They include six people who were given fixed penalties after a house party in Aberdeen.Read more
Highland Council is to provide e-vouchers to families that received free school meals.
For most of the more than 4,000 children involved it will give them access to food at their local supermarket.
Some restrictions do apply as the e-vouchers cannot be used to purchase age restricted products such as tobacco, alcohol, lottery tickets and fuel.
The vouchers are to be made available from 30 March.
Police confront a man on the street who says he has coronoavirus.
Frontline police officers are to get more protective equipment in the wake of the coronavirus outbreak.
The equipment includes masks, gloves, boot covers and goggles.
About 630 of Scotland’s 17,259 police officers currently have the protective kits and the rest will be issued from next week.
Deputy Chief Constable Malcolm Graham said the force had been working round the clock in “challenging circumstances” to secure the extra equipment.
NHS Highland is warning that some vulnerable people who receive care at home may have to cope with less help during the coronavirus pandemic.
The health board currently supports about 6,000 people in the Highland Council area who are considered to be at the highest risk from Covid-19.
NHS Highland said its workforce was under "extraordinary" strain, forcing it to make some “difficult decisions” such as fewer and shorter visits to those in need.
It is working with Highland Council and voluntary organisations to make sure those who need help the most continue to receive support.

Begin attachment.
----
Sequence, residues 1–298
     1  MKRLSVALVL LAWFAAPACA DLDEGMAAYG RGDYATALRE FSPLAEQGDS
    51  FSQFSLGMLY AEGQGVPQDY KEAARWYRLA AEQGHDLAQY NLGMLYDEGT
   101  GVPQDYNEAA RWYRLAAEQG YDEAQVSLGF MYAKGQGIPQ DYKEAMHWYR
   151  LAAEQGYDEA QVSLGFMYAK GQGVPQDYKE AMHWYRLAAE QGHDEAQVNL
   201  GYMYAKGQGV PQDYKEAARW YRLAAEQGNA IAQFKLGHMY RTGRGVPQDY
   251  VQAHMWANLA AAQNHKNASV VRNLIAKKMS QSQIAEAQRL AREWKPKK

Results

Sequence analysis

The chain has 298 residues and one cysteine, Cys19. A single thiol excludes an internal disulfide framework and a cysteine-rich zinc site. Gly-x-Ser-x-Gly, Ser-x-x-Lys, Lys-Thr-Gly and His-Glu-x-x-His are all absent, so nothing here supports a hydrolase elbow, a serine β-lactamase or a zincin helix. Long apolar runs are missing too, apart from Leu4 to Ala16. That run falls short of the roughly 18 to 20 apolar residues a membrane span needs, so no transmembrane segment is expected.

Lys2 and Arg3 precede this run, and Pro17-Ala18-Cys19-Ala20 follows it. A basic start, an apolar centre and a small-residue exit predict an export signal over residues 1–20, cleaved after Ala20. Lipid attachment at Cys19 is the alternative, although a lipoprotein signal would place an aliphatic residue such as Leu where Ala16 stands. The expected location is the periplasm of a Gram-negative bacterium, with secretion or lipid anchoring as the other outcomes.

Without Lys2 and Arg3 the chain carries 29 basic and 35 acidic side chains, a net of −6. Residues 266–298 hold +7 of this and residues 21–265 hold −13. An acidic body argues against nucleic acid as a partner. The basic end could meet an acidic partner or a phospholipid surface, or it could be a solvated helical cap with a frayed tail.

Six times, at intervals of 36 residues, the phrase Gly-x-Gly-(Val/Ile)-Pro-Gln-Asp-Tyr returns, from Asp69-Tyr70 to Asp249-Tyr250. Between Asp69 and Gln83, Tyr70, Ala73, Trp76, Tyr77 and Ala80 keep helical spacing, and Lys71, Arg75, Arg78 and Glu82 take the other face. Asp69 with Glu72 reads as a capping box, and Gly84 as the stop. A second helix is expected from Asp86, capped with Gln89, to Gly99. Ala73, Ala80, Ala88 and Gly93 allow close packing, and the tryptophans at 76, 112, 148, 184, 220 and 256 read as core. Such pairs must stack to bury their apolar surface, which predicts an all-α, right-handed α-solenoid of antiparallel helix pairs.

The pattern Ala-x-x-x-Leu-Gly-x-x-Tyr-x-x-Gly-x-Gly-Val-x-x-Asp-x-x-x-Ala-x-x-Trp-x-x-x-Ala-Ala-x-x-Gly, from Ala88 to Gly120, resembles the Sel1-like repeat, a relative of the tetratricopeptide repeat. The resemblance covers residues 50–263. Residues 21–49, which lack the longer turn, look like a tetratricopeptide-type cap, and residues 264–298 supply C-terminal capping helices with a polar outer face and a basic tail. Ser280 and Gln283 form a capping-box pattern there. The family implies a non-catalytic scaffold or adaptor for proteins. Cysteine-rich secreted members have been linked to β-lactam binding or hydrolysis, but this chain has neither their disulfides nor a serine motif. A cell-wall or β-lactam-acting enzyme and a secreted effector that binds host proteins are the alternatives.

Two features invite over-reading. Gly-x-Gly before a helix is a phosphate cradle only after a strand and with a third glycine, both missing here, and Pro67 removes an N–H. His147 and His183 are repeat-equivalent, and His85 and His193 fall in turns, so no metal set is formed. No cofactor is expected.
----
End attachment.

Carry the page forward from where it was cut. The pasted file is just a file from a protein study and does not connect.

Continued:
NHS Highland said: "Whilst we are attempting to avoid disruption, it is to be expected that people may have to cope with less care to allow need to be met."
Police Scotland chief constable Iain Livingstone will be speaking on Good Morning Scotland after 08:00.
The force has new powers to enforce the coronavirus lockdown rules, which include arresting people who repeatedly refuse to comply with the restrictions.
However, the chief constable has said arresting people will be an "absolute backstop".
BBC Scotland education correspondent
The Scottish Police Federation wants urgent action to ensure the children of police officers can always get childcare at the special hubs that councils have been setting up.
It says many officers are concerned about some of the arrangements and that some have been unable to get places.
Different councils have their own lists of just how they define key workers.
Edinburgh has specified that police officers are among those getting top priority.
Meanwhile councils are gradually getting a better sense of what the demand for childcare is like in practice.
Highland Council says work is ongoing to make arrangements to provide childcare to key workers, such as health service employees.
Like the rest of Scotland, all schools in the Highland area are closed.
Schools have been in touch with parents about arrangements to provide lessons via online "classrooms" and school blogs.
The council said it was preparing for the need to teach and care for key workers.
A spokesman said: "We have been seeking key workers to register over the weekend and details will be publicised shortly.”